So you followed doctor’s orders and got a colonoscopy at the age of 50 and you now have your results. If no polyps or other abnormalities are found, congratulations! You will likely be told to come back in 10 years for a follow-up exam. Keep following your current healthy lifestyle by eating plenty of vegetables and salads, minimize your red meat intake, and keep exercising. However, if you have been diagnosed with colon polyps, what do these results mean?

The colonoscopy procedure is performed by looking at the inner walls of the colon (also called the large intestine) through a fiberoptic camera. During the procedure, your doctor will remove any polyps or other abnormal areas and send this tissue to a pathologist for microscopic inspection and definitive diagnosis. The pathologic diagnosis is then used to determine what kind of follow-up you require to minimize the chances of developing colorectal cancer. This risk is determined based on any family history of polyps or colorectal cancer as well as the number, type, and size of the polyps found.

Common Types of Colon Polyps

The most common type of colon polyp is the hyperplastic polyp. This type of polyp has no real chance of progressing to cancer.

The adenoma is the next most common type of colon polyp and is divided into various subtypes. All adenomas are considered precancerous. The World Health Organization has divided adenomas into two general pre-cancerous risk categories – those with low-grade dysplasia and those with high-grade dysplasia. The term ‘dysplasia’ refers to abnormal growth of cells (from the Greek dys- ‘bad’ + plasis ‘formation’). The vast majority of adenomas fall into the low-grade category and have a low risk of progression to cancer. However, any diagnosis of high-grade dysplasia in an adenoma increases your risk for colorectal cancer and requires more frequent clinical surveillance. You may need to have additional studies or even surgery performed if you are diagnosed with high-grade dysplasia in a colon polyp, depending on the extent of dysplasia, the polyp size, and other factors.

Sessile serrated polyps are another type of fairly common colon polyp. They look similar microscopically to hyperplastic polyps, but have an increased chance of progressing to colorectal cancer, especially with increasing size. Some serrated polyps have low- or high-grade dysplasia in them. These carry an even higher risk of colorectal cancer.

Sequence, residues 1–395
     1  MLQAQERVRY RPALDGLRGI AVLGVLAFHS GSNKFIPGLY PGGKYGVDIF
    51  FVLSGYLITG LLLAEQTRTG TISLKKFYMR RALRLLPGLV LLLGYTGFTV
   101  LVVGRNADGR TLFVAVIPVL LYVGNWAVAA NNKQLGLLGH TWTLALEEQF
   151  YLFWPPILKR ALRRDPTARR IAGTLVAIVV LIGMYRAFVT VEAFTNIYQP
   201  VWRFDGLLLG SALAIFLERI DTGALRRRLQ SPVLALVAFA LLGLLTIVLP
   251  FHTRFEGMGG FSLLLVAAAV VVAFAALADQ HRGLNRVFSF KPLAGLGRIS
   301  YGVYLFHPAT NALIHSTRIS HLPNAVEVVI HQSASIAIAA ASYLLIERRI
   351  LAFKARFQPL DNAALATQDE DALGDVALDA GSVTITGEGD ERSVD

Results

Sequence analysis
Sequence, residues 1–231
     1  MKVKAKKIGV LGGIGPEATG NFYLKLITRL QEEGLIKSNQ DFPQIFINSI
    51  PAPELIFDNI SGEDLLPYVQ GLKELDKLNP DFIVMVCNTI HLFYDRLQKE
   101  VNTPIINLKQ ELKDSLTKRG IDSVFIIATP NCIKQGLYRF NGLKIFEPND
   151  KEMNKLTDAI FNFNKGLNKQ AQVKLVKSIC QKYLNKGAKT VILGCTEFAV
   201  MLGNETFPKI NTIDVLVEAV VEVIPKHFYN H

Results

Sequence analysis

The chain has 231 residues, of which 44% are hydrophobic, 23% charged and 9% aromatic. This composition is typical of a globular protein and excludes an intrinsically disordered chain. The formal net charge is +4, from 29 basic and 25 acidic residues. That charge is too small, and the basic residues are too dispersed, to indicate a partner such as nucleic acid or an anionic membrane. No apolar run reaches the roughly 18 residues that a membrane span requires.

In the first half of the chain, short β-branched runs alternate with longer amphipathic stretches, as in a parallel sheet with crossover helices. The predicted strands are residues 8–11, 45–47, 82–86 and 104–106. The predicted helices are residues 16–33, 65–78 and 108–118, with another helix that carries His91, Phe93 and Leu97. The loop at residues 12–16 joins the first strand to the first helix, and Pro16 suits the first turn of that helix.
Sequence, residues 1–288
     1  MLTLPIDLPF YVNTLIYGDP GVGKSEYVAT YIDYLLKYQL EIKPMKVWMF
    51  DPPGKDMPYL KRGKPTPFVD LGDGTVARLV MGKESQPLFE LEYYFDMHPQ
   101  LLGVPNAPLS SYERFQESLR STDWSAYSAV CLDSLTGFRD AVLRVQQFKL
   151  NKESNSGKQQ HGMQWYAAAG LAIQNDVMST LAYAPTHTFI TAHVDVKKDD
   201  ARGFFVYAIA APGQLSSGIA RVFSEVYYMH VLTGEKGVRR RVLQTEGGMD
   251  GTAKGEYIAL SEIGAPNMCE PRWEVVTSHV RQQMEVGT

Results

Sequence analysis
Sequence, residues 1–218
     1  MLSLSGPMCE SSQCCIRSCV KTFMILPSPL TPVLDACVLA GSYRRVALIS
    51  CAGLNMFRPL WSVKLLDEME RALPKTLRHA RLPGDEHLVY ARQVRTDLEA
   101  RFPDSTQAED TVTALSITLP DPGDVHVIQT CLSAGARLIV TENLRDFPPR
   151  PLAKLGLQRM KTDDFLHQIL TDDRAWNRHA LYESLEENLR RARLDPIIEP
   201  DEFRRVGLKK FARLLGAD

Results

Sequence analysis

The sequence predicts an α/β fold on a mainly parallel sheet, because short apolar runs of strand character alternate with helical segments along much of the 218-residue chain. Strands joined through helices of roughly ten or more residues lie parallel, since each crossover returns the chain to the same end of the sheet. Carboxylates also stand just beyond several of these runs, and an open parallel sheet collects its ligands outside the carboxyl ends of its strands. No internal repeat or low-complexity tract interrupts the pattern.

Less Common Types of Colon Polyps

Inflammatory/post-inflammatory-type polyps are almost always benign and likely just a local reaction to tissue damage. There may be one or multiple of these polyps, depending on their underlying cause.

Juvenile polyps may be single or multiple, inherited or sporadic. They may be associated with an inherited syndrome called Juvenile Polyposis and the polyps may contain areas of precancerous (dysplastic) change.

Peutz-Jeghers polyps have a distinctive appearance under the microscope with a core that looks like the branches of a tree. Other types of sporadic polyps can be found at any age. There are other less common and unusual types of polyps, but those discussed above cover the vast majority of what will be found endoscopically.

About the author

Dr. Marc Labovich is certified by the American Board of Pathology in Anatomic and Clinical Pathology and is also subspecialty trained in the discipline of Gastrointestinal Pathology
Dr. Marc H. Labovich
Gastrointestinal Pathologist at (719) 368-7247

Dr. Marc Labovich is certified by the American Board of Pathology in Anatomic and Clinical Pathology and is also subspecialty trained in the discipline of Gastrointestinal Pathology. Dr. Labovich works at Colorado Springs Pathology Associates, a local, independently-owned pathology services company owned by Dr. Karen Anthony.

Colorado Springs Pathology Associates
2838 Janitell Road
Colorado Springs, CO 80906